Originally Posted by reprosser View Post
I put the second chain on, and it would not cut at all.
Should have left it that way. This is for cutting trees that are behind you.

Bud

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post #16 of 19 Old 03-16-2011, 12:05 AM
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Quote:
Originally Posted by reprosser View Post
I have a Farm Boss Stihl Chainsaw that I have been using for about 2 years. I have 2 chains that I use. It has been a few months since I used the saw, but today I put it to use. Everything seemed fine, but the chain started to get loose, and after tightening a couple of times, I found that I was maxed out and could not tighten any further. I had to stop using the saw since the chain had about a 1/4 in droop below the bar. I checked the bar and sprocket - seems fine.

I know a new chain can stretch a little, but this seems extreme for a chain that has been in use for at least a year.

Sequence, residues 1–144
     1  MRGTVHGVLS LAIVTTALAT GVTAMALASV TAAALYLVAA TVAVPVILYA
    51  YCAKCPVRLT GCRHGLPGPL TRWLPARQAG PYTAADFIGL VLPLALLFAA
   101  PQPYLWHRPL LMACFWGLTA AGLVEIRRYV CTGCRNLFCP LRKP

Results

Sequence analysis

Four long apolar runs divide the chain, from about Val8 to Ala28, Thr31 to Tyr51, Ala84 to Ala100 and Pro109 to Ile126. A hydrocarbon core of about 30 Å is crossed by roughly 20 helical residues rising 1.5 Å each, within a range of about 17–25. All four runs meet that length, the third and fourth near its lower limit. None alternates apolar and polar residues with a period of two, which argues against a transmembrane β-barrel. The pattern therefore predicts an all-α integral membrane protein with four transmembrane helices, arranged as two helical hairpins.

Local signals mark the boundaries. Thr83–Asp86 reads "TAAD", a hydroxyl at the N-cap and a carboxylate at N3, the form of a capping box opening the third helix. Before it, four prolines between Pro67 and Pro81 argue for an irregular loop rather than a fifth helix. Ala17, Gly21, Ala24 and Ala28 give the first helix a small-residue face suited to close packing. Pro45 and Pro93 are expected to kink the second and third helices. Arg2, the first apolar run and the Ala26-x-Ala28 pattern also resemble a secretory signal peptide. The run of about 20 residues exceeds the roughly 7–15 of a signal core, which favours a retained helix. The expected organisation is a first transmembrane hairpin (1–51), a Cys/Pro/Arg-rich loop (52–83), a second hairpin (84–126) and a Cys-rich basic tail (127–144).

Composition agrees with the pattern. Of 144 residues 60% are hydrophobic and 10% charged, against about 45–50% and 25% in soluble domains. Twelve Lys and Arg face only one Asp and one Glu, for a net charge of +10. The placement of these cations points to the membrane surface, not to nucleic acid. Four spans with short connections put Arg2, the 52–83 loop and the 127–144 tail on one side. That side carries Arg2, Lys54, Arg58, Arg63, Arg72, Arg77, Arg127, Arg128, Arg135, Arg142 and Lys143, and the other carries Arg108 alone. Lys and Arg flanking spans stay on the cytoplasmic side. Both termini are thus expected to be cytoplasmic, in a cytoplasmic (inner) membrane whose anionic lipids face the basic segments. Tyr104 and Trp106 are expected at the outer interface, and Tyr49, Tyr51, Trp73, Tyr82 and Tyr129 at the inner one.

What might cause this?

I was able to install my second chain and it seems OK, but I am going to have to purchase a replacement for the longer one I guess.
My thoughts exactly! My Farm boss is 29ish years old and I have been fighting this for years, The Stihl shop just removed a link from one of the chains today and it is like a miracle! I found this board when I did a search to see if removing a link was the answer. Thanks for confirming and for all the great advice. I also have a new MS250 with similar chain problems and realize I need to maybe use external oil as well on the chain/bar (working in a sand environment ...) Thanks again y'all!
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post #17 of 19 Old 04-06-2011, 07:04 AM
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http://www.darlac.com/dp164.htm
Found this on the net, could be a very handy tool.
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post #18 of 19 Old 04-06-2011, 09:29 PM
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Do you know where b&b is in Batesburg? I use the same saw and get all my chains from them. They can make chains any size you want.
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post #19 of 19 Old 04-07-2011, 02:51 PM Thread Starter
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Quote:
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Do you know where b&b is in Batesburg? I use the same saw and get all my chains from them. They can make chains any size you want.

I will check them out - Thanks!